4 top garden design trends for 2021
From land art to re-wilding, here are the garden design trends to know about this year - which ones will you try?
Our gardens are certainly getting their fair share of use lately – come rain or shine (anyone else huddled around a chiminea and shivered their way through a bottle of wine with friends of an evening?)
But while we’re constantly keeping our ears to the ground when it comes to interior style – a bold new hue here, or a statement wallpaper there – when was the last time you thought about the latest garden trends?
Luckily, we’ve got the inside line on THE garden trends to explore this year from James Smith, Design Director of luxe landscape design company, Bowles & Wyer. Your garden is your oyster!
1. MULTI-PURPOSE SPACES
Being forced to spend more time at home has really focussed our attention on our gardens recently. We’re increasingly looking to upgrade and re-design our outdoor spaces to better suit ourselves and our families.
Mental health, comfort and stimulation lies at the heart of this, meaning that gardens need to become more multi-faceted. Not only do they need to be relaxing spaces where you can watch seasonal change, but provide space to exercise, garden, and entertain.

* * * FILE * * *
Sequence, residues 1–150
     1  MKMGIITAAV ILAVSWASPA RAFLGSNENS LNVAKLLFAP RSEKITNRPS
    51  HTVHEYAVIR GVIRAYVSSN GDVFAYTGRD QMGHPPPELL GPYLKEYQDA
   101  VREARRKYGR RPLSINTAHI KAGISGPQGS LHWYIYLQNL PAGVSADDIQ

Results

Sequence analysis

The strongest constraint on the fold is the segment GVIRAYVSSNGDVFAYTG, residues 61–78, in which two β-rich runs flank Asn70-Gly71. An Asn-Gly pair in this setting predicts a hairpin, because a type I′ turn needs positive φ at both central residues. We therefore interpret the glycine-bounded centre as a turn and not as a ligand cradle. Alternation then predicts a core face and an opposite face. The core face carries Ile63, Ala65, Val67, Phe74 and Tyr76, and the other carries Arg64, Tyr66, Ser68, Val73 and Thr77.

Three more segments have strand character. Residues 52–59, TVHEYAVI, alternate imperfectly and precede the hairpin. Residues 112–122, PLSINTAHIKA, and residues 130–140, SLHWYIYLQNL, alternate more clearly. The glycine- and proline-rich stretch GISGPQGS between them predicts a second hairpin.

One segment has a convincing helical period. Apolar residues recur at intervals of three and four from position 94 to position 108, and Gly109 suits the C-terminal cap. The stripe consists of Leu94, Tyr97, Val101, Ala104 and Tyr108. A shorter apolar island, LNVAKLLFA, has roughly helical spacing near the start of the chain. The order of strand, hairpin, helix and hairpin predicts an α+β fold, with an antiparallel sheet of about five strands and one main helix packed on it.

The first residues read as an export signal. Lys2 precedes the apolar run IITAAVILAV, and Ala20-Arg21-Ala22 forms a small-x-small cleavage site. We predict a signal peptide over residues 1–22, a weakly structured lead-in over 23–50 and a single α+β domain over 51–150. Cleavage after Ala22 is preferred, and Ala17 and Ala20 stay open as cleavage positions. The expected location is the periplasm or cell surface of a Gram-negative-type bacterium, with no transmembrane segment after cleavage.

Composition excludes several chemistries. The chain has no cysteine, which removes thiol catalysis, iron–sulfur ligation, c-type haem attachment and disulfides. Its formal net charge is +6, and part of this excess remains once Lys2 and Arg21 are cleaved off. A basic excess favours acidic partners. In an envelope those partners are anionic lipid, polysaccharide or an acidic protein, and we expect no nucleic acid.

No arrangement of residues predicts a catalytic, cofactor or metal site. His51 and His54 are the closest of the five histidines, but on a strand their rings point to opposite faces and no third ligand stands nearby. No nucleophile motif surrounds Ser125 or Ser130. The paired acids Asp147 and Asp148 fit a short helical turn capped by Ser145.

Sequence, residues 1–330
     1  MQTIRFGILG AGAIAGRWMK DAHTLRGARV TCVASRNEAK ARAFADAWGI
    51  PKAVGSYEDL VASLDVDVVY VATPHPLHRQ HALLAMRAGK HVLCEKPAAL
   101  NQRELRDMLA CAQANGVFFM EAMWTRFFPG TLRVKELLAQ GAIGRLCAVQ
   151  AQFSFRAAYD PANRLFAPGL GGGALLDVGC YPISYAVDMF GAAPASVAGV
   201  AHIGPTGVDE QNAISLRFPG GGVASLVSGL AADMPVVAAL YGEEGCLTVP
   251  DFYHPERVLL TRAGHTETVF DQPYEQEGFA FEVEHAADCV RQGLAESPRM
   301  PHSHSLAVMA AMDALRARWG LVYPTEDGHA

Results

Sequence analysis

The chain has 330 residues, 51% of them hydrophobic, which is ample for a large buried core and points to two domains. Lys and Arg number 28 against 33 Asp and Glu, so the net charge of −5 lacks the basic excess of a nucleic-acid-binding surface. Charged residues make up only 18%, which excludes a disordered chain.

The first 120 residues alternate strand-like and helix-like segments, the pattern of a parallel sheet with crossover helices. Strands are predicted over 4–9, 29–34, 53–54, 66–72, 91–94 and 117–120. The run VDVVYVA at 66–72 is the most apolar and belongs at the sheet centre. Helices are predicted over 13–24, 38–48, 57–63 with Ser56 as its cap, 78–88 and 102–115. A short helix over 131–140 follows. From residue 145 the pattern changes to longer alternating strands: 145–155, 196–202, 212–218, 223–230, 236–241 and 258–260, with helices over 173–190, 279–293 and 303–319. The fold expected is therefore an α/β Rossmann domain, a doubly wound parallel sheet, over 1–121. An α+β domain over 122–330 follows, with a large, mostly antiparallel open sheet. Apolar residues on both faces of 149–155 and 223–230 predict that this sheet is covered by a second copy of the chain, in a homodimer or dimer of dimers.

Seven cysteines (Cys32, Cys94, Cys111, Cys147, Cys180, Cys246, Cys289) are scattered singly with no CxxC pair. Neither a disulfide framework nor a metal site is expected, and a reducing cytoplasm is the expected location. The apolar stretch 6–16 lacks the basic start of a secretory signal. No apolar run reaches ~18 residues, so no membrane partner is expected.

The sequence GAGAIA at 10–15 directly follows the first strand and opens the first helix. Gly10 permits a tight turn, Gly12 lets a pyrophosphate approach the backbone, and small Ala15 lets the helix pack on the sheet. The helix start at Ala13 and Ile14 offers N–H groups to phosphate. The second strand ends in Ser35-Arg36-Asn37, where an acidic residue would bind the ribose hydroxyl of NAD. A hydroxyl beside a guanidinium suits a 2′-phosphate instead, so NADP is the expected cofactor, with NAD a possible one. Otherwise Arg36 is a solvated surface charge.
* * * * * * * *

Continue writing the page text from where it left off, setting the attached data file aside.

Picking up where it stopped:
Gardens are being designed similarly to interior spaces – with comfy, multi-functional furniture, lighting, heating and perhaps even the odd chin-up bar, play area or outdoor kitchen.
2. PROTECTING THE PLANET
David Attenborough’s ‘A Life On Our Planet’ brought sharply into focus the problems we face on Earth, both now and in future. It’s important that we change our mindset, and garden design can be a part of this.
Re-wilding has long been a garden design trend, but is more relevant this year than ever. Whether it’s creating no-mow areas, establishing wildflower meadows, or planting to increase local biodiversity.
Think about using more sustainable materials in your garden, reducing waste and recycling as much as possible.
3. WORKING WITH THE LAND
Although garden design is about re-creating an outdoor space, it doesn’t mean you can’t work with what’s already there – namely the earth. Sculpting gardens with existing soil and sub-soils is becoming ever more popular. Land sculpting and land art projects are some of the more creative ways that garden designers are re-using material. Plus it’s better for the environment, too.
4. GROW YOUR OWN
The past year has taught us all to become more mindful about being self-sufficient, so many of us have experimented with growing our own – from small pots to larger patches. We’re expecting to see an increasing demand for veg patches as part of garden designs next year. After all, what’s more satisfying than eating something you’ve grown yourself?
Thinking of enlisting the experts? Get in touch with Landscape Design Company, Bowles & Wyer to see how they could re-imagine your garden.